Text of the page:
While Google may analyze the surrounding content and index the image in that context, failing to provide Google with extra data that it can use to determine the image’s relevance to search queries is a lost chance to promote a brand, product, person, event, service or business. And that means fewer clicks and traffic to the website hosting those images.

Images are particularly effective in marketing for retail and consumer goods, as evidenced by Pinterest’s limiting personalized customer support to these two business areas. Likewise, Google’s Product Listing Ad categories focus on retail and consumer goods, and searches of any of these categories in Google Images brings up a carousel of sponsored shopping results above the organic results.

Product Listing Ads (PLA) in Google Image search results

Thus, any images posted by a business related to retail and consumer goods should be especially mindful of optimizing those images for organic search. But there are many other image categories that will benefit from better optimizing. For example, any business that relies on the reputation of individuals should take similar steps. Professional groups such as law firms and medical practices should expect searches of individual lawyers and doctors by name for portraits or profile pictures. Venues and destinations are also topics that consumers want to see images of. And images of finished work product such as construction, fences or interior design are frequently sought by consumers to gauge the quality of a firm’s work.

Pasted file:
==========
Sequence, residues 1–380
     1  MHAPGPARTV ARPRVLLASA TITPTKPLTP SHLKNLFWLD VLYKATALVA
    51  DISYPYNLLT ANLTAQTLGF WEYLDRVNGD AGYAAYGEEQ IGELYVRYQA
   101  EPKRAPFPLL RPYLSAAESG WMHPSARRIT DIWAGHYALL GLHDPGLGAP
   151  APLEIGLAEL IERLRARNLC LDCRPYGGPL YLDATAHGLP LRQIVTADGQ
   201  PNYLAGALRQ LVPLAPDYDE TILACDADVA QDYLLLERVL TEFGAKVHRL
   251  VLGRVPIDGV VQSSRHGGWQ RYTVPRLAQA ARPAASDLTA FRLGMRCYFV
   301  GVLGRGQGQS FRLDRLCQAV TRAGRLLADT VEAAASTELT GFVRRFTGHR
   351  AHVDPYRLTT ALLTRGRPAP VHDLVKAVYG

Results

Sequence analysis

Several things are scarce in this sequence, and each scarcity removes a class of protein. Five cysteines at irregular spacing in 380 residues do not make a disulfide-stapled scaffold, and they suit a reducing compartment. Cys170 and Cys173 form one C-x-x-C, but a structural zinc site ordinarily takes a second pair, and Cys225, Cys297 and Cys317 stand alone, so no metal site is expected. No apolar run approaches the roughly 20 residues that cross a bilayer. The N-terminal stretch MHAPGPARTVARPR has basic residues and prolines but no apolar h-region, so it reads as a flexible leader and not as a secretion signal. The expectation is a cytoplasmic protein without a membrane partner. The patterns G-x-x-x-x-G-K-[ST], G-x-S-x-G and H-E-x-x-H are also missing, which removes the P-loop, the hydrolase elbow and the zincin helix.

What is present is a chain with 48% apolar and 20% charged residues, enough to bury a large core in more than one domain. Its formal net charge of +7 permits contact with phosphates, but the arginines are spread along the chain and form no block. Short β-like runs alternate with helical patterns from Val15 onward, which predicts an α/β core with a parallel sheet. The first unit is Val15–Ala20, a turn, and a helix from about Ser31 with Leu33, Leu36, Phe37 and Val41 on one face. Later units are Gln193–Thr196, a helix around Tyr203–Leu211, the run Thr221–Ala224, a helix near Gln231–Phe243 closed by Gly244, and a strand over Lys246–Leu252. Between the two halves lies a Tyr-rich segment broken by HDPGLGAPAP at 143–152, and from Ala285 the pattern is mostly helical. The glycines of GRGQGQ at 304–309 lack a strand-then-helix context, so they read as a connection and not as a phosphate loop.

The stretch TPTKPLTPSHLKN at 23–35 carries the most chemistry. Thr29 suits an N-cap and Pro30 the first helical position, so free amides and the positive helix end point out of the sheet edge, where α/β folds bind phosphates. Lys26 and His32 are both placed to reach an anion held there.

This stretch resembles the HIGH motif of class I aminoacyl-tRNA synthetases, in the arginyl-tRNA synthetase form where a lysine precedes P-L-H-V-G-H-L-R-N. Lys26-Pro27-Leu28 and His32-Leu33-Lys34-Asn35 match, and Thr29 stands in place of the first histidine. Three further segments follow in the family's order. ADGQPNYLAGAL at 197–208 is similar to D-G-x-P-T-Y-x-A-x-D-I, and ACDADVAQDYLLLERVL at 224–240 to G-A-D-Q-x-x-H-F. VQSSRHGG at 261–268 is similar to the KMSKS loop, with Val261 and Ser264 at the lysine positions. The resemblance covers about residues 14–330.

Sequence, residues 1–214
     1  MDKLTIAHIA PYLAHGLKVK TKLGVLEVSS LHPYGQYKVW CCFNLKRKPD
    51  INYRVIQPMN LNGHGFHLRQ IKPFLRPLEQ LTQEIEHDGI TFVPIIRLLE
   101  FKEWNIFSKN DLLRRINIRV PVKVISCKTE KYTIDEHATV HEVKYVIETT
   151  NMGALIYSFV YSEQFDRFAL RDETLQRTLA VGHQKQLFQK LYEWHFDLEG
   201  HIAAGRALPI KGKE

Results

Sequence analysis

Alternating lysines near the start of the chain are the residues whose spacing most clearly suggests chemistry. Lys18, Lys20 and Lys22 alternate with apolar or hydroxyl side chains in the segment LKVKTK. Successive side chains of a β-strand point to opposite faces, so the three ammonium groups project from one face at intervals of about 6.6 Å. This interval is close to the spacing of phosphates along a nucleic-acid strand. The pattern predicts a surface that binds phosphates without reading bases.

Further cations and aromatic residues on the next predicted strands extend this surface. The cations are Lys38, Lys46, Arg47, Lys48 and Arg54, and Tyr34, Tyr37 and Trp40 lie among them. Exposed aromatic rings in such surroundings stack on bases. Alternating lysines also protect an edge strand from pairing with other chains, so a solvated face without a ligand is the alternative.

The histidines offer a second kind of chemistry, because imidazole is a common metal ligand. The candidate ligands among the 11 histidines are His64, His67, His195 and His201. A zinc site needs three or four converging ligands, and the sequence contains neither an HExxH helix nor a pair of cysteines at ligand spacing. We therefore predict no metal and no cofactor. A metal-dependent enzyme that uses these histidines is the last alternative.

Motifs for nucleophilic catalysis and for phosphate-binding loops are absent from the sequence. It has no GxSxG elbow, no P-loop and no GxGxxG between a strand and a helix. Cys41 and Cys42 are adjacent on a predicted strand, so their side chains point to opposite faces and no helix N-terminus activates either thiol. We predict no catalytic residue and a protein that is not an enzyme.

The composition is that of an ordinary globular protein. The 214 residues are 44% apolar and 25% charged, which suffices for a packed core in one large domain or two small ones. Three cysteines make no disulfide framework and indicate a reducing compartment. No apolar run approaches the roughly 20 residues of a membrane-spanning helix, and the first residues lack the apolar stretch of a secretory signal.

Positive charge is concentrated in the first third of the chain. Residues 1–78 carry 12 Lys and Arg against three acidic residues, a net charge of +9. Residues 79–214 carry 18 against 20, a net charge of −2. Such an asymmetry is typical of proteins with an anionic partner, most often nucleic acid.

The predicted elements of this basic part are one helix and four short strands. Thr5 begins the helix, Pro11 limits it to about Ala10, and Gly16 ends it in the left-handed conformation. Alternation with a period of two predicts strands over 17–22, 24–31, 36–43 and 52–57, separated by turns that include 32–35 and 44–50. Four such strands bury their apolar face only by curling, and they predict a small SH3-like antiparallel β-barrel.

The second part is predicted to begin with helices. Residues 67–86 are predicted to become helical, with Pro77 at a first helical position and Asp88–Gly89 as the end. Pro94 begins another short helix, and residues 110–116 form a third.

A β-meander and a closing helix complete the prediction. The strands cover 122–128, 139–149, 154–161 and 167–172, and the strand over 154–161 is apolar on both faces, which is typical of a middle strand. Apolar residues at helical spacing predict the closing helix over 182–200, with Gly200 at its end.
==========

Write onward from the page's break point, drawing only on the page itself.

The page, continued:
Since search ranking is often neglected and because there are so many more results presented on image search results pages, Google Images can help a local business or its products and services get found.

Here are some tips to make sure your images are optimized to take advantage of search queries performed in Google Images:

Images that enhance a user’s experience are ranked better by Google

Google values relevance and quality in returning search results and thus, user experience feedback is a strong signal to Google for ranking purposes. Thus, the more popular an image and the more clicks it gets, the higher the ranking. Below are a few tips for providing a good user experience with your images: